And the rest. There is a pattern of withholding financial information about Ansett from the public record that is disconcerting to say the least, Knapp says.
John Williams, the Nationals senator who instigated last year’s inquiry into the insolvency industry, said the circumstances surrounding Ansett were ”bizarre” but he was not surprised at the missing accounts.
”There is no transparency,” Williams said of the industry in general. ”We don’t know what they [the liquidators] are up to. It’s a farce.”
The Senate inquiry fielded 100 submissions, 80 per cent of which were critical of ASIC. Williams and his committee recommended that ASIC be stripped of its powers to regulate the insolvency industry.
”The first thing we need is a regulator which does its job,” he told BusinessDay. Although the government has ignored the findings so far, Williams said he would soon lodge legislation for reform.
The public policy issue is that the removal of audited annual accounts has made it impossible for Ansett’s multitude of stakeholders to assess what actually happened to their company. Customers, creditors, staff have a right – enshrined by the law – to access those missing accounts.
”The question that a stakeholder might ask is this: did Ansett fail because of financial chicanery?”
Knapp contends the unaudited data in the first report to creditors suggests a financial re-engineering of the Ansett Group before the administration occurred during 2001 involving related party balances.
ASIC has known for many years that Ansett’s accounts are missing. The matter is believed to be a source of controversy within the organisation. Knapp says a fresh debate about financial reporting by companies in administration may be necessary.
But in the meantime ASIC should stop changing the law by stealth through non-regulation: ”You either believe in the law of audited accounts for public companies without fear or favour or you don’t.”
In response to a series of questions, ASIC conceded that some earlier accounts were missing but declined to proffer an explanation.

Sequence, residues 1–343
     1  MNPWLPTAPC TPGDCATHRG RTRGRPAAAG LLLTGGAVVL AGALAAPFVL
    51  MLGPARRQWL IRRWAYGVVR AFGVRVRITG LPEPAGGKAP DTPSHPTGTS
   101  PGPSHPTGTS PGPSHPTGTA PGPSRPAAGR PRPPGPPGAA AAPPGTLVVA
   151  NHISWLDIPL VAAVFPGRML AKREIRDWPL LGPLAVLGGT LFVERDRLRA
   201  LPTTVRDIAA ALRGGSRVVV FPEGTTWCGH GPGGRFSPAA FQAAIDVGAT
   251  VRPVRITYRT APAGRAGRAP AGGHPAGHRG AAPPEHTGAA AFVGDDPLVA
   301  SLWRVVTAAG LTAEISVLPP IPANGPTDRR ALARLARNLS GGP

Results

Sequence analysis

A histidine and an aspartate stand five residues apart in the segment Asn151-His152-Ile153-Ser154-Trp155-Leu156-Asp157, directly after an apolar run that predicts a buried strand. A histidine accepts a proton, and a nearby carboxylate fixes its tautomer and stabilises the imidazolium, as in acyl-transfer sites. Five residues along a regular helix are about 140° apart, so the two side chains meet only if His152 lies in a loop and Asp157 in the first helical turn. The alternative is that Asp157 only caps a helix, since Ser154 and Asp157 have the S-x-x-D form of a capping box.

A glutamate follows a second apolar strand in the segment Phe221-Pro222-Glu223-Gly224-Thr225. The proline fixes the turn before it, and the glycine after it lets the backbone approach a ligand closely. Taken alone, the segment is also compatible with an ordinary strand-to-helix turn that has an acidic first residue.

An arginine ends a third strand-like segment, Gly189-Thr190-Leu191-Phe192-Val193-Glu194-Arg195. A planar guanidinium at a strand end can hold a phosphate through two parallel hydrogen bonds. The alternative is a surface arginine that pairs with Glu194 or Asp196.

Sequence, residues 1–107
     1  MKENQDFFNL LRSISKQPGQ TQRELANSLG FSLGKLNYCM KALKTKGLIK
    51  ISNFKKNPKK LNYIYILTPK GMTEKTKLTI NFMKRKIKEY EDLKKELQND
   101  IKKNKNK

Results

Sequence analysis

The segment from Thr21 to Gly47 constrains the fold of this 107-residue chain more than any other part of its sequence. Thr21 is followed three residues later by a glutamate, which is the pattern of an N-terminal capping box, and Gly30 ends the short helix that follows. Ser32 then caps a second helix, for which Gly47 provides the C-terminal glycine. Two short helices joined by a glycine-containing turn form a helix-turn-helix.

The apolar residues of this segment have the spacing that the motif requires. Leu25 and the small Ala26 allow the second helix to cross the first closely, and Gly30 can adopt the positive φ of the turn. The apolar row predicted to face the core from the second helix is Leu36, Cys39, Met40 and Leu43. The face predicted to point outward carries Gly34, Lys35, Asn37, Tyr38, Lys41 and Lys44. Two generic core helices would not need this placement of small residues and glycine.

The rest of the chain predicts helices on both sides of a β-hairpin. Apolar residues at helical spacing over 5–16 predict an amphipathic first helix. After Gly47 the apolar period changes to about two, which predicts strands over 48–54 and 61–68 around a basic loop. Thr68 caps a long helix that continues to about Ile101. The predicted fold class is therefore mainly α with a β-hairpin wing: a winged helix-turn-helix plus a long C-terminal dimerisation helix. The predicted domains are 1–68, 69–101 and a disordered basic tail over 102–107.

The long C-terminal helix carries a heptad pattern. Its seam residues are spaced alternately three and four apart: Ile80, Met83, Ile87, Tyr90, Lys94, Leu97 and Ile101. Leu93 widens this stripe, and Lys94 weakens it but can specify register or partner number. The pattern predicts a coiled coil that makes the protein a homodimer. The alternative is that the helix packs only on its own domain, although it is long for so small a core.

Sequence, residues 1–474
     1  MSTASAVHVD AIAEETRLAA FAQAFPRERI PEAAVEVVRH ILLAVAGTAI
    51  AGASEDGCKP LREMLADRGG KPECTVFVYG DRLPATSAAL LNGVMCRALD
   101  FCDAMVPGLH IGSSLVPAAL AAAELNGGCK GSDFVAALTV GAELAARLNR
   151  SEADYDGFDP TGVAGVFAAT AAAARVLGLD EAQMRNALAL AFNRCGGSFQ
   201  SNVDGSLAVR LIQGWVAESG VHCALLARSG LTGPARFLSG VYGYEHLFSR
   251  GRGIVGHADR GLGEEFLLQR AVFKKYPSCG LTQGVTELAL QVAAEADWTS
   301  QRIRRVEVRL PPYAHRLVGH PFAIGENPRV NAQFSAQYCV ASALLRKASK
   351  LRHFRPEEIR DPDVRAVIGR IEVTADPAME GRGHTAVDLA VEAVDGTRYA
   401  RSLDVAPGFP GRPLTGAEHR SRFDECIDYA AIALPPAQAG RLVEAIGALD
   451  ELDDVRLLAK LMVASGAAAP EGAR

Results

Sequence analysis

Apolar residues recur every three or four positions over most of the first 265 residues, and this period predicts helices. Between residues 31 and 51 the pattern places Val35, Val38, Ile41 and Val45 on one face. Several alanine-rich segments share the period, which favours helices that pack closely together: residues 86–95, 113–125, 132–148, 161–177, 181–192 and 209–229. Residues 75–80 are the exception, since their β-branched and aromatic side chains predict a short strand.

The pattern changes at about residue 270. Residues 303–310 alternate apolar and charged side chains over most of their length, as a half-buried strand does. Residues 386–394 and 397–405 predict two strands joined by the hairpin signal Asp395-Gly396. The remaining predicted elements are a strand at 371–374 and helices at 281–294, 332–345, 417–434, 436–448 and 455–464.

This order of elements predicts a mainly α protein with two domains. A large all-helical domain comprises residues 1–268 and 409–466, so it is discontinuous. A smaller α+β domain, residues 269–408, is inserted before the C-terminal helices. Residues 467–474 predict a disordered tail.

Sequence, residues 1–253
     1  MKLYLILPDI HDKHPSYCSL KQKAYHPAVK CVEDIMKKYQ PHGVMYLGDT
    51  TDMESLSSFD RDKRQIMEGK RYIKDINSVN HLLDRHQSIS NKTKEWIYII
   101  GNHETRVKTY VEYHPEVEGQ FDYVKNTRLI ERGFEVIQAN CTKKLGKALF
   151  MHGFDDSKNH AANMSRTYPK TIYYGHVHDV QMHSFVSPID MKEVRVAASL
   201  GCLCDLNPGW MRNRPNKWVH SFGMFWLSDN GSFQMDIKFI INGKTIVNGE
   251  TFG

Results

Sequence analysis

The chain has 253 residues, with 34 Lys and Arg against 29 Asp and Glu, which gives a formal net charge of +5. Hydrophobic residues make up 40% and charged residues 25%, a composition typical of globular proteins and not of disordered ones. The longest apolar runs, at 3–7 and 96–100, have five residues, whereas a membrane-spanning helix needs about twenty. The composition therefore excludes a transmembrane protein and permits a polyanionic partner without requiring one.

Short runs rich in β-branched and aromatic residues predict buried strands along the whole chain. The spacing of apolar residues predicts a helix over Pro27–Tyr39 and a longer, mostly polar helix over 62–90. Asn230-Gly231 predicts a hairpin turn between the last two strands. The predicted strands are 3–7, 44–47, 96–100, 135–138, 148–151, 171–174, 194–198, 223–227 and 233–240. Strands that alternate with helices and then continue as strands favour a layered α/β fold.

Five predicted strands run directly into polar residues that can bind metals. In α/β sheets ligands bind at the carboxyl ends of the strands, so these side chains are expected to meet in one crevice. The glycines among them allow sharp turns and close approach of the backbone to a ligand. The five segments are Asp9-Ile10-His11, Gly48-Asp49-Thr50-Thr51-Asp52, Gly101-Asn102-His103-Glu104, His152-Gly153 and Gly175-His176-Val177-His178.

”ASIC records show that the Ansett accounts for the years 2001-03 have not been lodged. ASIC has requested this information from the receiver,” a statement said.
”If ASIC is fair dinkum they should make a request to Korda Mentha, the deed administrators, rather than Ferrier Hodgson, the receiver,” Knapp said.
”And while they are at it, they might want to check whether the accounts for the years 2004 to 2011 should also be produced.
”The strangest thing is that ASIC claims to have provided an exemption to Ansett from reporting for 2004 and 2005. But why isn’t it on the public record? How are Ansett stakeholders supposed to know it exists?”
So what are the administrators’ fees for Ansett?
Ansett collapsed the day after the September 11 attacks in 2001. Three partners of PricewaterhouseCoopers were initially appointed administrators but their tenure lasted just five days.
According to the ”Third Report to Creditors” by Korda Mentha, PwC received $1.8 million for this five days of work. Apparently $1.1 million of this was approved by the court. That was evident from an earlier report.
In accordance with professional obligations, PwC’s fees should have been time-based, Knapp says. Incredibly, the five days of PwC work is equivalent to 53 partners working an 80-hour week on the prevailing charge-out rate of $420 an hour.
This rapacity set the tone for the rest of the administration. PwC was not acceptable to the unions, so the lucrative role was given to the ill-fated Arthur Andersen, the global accounting practice which cratered amid scandal and criminal charges relating to its audit of Enron in the US.